45 BC—”Dictator for Life.”

45 BC—”Dictator for Life.”

It is easy to imagine Julius Caesar straightening at the shoulders as he was proclaimed “Dictator perpetuo” (Latin for “Dictator for Life”). The year was 45BC, Caesar had won a civil war against his in-house enemies and had set up the new ‘Roman Empire’ to replace the ‘Republic of Rome.’ This, arguably the most famous Roman leader who ever lived, was about to learn why it doesn’t pay to bestow titles upon yourself—a year later he was dead! Stabbed by a group of rebellious senators led by Brutus and Cassius. (Who said bureaucrats don’t have the final say?)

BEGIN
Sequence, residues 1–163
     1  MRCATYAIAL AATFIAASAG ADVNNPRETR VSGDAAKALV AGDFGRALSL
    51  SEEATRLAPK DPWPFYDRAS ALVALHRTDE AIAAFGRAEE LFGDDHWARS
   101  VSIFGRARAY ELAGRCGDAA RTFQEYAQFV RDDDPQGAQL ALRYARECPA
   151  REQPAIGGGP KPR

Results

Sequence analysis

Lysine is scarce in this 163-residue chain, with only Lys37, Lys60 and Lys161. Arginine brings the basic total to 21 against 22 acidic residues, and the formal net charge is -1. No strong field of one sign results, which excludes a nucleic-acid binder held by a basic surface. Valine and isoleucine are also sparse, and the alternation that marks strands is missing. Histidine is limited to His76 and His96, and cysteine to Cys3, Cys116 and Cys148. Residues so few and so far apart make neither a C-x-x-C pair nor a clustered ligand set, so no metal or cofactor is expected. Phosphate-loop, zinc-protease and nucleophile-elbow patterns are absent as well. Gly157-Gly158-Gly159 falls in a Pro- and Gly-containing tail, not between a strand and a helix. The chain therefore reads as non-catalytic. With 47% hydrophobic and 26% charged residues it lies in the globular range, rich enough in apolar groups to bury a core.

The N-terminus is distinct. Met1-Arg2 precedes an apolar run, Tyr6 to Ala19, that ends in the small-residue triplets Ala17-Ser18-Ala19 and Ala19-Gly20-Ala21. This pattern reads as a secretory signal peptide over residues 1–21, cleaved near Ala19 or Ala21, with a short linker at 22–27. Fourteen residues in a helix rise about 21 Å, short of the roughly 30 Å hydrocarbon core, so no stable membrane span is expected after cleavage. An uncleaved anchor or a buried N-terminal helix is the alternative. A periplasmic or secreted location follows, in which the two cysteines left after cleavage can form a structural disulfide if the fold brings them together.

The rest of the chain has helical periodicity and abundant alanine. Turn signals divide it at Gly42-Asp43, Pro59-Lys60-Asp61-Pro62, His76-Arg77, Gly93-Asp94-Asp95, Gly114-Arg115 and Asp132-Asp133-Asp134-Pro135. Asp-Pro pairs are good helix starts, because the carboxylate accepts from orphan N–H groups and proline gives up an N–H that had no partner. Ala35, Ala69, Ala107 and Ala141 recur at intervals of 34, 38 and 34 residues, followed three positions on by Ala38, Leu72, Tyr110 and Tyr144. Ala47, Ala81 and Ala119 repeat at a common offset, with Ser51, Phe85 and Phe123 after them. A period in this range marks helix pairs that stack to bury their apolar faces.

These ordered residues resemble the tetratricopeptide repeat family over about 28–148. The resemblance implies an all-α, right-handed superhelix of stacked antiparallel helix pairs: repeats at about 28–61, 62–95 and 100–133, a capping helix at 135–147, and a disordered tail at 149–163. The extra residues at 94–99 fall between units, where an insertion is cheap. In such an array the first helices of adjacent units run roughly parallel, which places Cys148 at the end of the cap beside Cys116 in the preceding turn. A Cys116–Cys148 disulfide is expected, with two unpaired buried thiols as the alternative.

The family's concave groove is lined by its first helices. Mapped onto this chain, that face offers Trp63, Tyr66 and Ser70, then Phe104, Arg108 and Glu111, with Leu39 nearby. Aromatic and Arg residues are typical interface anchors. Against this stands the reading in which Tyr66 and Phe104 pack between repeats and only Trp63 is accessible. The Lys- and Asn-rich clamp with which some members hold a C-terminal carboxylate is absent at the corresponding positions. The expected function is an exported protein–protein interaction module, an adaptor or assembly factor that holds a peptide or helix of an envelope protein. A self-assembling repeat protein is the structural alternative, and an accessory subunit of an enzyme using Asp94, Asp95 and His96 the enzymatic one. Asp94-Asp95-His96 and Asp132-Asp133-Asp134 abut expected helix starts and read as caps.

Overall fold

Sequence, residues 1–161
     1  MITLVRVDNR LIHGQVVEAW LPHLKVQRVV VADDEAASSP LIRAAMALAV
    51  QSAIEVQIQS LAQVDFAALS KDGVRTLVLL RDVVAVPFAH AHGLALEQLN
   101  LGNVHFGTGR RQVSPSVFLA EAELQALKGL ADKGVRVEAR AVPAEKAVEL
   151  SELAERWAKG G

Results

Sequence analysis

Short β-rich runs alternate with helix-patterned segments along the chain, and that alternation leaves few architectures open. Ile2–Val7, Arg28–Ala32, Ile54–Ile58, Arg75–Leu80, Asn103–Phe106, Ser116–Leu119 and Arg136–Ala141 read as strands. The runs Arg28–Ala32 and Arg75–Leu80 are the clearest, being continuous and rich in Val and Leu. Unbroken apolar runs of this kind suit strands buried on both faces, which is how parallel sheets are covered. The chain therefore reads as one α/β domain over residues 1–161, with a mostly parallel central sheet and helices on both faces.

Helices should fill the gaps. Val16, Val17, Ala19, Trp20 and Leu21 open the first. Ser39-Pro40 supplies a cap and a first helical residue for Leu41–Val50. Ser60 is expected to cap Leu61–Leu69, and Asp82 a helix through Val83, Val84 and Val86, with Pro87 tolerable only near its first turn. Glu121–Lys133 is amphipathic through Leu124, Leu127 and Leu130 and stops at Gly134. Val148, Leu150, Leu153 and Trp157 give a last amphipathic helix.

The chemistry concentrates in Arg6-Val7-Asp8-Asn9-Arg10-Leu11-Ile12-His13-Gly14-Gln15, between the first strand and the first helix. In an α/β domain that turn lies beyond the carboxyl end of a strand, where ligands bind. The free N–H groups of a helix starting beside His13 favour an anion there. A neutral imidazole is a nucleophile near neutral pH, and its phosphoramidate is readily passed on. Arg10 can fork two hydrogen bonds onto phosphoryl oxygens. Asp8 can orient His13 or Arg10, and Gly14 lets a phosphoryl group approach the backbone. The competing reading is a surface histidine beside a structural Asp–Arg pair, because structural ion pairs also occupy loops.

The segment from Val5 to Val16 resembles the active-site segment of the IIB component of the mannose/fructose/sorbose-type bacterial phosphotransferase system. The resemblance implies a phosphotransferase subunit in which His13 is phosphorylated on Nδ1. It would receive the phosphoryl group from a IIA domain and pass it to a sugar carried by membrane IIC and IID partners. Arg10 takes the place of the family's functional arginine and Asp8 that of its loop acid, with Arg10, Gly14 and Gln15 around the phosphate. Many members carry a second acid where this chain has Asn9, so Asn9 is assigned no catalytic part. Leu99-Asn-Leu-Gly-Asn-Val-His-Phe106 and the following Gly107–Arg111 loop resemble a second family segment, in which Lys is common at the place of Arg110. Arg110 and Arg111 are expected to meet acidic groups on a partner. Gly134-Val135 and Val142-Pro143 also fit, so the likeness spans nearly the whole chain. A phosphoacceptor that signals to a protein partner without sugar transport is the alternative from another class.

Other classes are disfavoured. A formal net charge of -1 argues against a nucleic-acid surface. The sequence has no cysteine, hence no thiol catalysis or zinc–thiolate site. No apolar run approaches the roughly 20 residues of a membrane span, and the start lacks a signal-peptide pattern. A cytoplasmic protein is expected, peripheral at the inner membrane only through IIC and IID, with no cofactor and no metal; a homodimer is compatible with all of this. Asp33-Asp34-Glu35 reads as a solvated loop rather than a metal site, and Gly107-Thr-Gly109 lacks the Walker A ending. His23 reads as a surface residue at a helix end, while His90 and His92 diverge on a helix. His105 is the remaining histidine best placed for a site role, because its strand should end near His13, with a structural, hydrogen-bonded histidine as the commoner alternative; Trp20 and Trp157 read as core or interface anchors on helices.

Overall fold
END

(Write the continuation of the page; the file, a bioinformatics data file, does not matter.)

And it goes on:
Four decades later a tiny baby was born in an insignificant country in that mighty Roman Empire. He would grow up to teach leadership principles that Julius, if he knew what was to befall him, would have wished he could have lived and taught his followers. Instead, Julius brutally oppressed his dissenters to the point where those closest to him risked their lives to personally kill him. Jesus does not specialize in leadership seminars. He teaches: ‘Humility, Service and Dependence—from the back of the line.’ Humility is the defining stance of the Christian: Jesus says, “Whoever exalts himself shall be humbled; and whoever humbles himself shall be exalted” (Mt.23:12). Service is his dedicated work. The aspiring church leader would do well to tattoo Jesus’ sobering words inside his eyelids (metaphorically speaking): “If anyone wants to be first, he shall be last of all and servant of all” (Mk.9:35). Dependence on God for everything is a given for him. Daily food, wisdom, guidance and help are sought with a child-like expectation and acceptance: “Truly I say to you, whoever does not receive the kingdom of God like a child will not enter it at all” (Mk.10:15). Finally, everything done to lead in the name of Jesus is done happily ‘from the back of the line’—“for the one who is least among all of you, this is the one who is great” (Lk.9:48).


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